Computer graphics includes everything you need to know to create synthetic
images from mathematical models of objects and their environment. This includes:
geometry (object models), animation (making models move), rendering (methods to
simulate digital cameras), and imaging (storing and combining synthetic and natural
In this course, students will get a hands-on introduction to a subset of
these topics using WebGL rendering software on new computer graphics workstations
purchased for this class and subsequent classes in related areas.
Students are expected to have a working knowledge of C++ in a Linux environment,
and a mathematics background that includes calculus and linear algebra. Although
this course is an undergraduate, it will be the prerequisite for future courses
in computer graphics, computer vision, digital image processing and digital video
processing, so graduate students interested in those areas should enroll.
Interactive Computer Graphics: A Top-Down Approach with WebGL
(7th Edition), by Edward Angel and Dave Shreiner, Pearson / Addison Wesley, 2015.
Final grades in this class will be determined by a weighted average
of programming project grades (6 assignments worth 50% of grade), and exam
scores (2 exams worth 25% of grade each). We will use the following scale
to assign final grades:
A: over 90%
B: 80% - 89%
C: 70% - 79%
D: 60% - 69%
F: below 60%
As a core part of its mission, the University of Arkansas provides
students with the opportunity to further their educational goals through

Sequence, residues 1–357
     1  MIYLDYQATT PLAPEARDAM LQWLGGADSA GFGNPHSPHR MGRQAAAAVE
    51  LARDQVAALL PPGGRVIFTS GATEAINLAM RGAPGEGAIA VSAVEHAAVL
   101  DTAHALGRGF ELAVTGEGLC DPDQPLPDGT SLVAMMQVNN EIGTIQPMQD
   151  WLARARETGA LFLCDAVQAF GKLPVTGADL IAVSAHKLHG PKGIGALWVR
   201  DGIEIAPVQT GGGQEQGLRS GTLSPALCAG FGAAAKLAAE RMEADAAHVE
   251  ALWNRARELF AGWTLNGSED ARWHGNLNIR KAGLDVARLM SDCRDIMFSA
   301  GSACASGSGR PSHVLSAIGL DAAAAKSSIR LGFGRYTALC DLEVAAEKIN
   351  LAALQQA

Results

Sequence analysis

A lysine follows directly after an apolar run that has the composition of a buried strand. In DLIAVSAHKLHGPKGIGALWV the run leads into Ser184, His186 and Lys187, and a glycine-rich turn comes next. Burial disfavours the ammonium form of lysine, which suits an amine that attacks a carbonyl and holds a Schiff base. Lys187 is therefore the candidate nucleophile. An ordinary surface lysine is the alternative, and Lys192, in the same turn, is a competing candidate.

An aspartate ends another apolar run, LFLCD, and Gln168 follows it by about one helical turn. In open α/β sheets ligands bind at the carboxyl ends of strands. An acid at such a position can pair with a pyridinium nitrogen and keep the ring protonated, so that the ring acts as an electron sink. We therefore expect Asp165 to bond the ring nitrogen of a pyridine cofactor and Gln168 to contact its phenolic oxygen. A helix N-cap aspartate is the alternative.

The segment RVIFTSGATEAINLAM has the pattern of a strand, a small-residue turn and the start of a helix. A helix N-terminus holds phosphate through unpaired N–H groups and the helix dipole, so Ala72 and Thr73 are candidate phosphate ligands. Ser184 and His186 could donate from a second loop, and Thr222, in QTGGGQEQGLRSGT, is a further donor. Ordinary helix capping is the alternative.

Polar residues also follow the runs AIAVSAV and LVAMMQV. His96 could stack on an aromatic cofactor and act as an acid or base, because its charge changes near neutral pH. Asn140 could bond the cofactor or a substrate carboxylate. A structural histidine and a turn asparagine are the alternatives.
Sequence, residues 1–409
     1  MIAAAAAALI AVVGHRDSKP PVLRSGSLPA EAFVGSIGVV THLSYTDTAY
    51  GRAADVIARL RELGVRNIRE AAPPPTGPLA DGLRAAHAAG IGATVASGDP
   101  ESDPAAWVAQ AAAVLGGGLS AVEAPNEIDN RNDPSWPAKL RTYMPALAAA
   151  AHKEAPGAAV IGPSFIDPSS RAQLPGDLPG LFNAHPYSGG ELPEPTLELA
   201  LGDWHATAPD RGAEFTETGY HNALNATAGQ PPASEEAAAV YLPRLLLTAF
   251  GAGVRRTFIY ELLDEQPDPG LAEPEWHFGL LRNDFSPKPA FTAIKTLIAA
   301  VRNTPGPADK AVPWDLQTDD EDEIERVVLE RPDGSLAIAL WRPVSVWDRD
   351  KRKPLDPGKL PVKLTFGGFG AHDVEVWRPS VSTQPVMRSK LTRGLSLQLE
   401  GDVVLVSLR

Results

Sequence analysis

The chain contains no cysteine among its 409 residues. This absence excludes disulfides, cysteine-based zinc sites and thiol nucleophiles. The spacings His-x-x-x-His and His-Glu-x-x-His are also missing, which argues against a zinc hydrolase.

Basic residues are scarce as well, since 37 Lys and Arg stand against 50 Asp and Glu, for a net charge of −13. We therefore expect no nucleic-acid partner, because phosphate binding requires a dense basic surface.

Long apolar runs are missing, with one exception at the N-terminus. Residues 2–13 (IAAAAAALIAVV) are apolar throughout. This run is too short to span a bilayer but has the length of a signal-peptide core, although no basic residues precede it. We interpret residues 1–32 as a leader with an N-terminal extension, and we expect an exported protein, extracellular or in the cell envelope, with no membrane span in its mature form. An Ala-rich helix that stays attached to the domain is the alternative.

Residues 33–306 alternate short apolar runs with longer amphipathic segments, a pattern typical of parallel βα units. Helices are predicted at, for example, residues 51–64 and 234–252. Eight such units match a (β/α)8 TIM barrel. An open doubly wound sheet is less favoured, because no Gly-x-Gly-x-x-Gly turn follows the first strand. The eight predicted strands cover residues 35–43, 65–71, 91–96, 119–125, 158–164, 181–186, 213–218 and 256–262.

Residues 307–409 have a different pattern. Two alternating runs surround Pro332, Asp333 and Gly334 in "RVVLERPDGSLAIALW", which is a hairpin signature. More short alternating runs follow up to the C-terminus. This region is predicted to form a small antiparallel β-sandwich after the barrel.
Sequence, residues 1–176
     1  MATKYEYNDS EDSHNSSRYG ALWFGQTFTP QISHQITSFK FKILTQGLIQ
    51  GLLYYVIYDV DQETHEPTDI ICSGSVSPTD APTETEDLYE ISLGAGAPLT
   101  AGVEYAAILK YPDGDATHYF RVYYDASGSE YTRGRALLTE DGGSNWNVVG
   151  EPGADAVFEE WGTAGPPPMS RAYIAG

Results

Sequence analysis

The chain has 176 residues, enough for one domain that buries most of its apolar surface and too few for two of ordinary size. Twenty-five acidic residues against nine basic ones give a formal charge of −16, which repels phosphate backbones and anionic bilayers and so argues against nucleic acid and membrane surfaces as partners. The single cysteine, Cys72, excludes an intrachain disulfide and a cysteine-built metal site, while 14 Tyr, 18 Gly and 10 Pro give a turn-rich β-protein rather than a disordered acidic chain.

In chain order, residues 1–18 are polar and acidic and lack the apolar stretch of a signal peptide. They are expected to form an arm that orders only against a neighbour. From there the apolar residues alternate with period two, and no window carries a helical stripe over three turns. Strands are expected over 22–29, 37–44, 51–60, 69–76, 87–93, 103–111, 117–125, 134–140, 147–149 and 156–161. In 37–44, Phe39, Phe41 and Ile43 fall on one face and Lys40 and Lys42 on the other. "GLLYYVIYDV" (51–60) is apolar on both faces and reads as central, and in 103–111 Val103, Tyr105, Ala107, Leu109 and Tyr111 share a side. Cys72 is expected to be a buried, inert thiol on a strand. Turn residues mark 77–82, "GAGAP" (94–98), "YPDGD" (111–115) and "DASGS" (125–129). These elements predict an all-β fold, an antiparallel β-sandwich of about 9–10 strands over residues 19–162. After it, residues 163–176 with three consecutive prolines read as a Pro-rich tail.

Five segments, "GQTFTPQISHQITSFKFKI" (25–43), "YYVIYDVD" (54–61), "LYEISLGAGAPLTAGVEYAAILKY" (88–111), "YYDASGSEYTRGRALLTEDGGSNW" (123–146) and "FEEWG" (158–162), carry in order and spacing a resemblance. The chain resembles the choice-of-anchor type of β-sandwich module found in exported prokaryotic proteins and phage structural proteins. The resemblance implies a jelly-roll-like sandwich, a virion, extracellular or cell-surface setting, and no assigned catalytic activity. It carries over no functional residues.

programs of study and research in an environment that promotes freedom
of inquiry and academic responsibility. Accomplishing this mission is
only possible when intellectual honesty and individual integrity prevail.
Each University of Arkansas student is required to be familiar with and
abide by the University's 'Academic Integrity Policy' at honesty.uark.edu.
Students with questions about how these policies apply to a particular
course or assignment should immediately contact their instructor.
The following policies will apply to this class.
Online Programming Labs and Programming Projects:
Violations of the policies above will be reported to the Provost's
office and may result in a ZERO on the exam or programming project,
an F in the class, or suspension from the university, depending on the
severity of the violation.
If any member of the class has a documented disability and needs
special accommodations, the instructor will work with the student to
provide reasonable accommodation to ensure the student a fair opportunity
to perform in this class. Please advise the instructor of the disability
and the desired accommodations within the first week of the semester.
If the university is officially closed, class will not be held. When
the university is open, you are expected to make a reasonable effort to
attend class, but not if you do not feel that you can get to campus safely.
Assignment due dates will be postponed in case of inclement weather.
Many types of emergencies can occur on campus; instructions for specific
emergencies such as severe weather, active shooter, or fire can be found at
Severe Weather (Tornado Warning):
Violence / Active Shooter: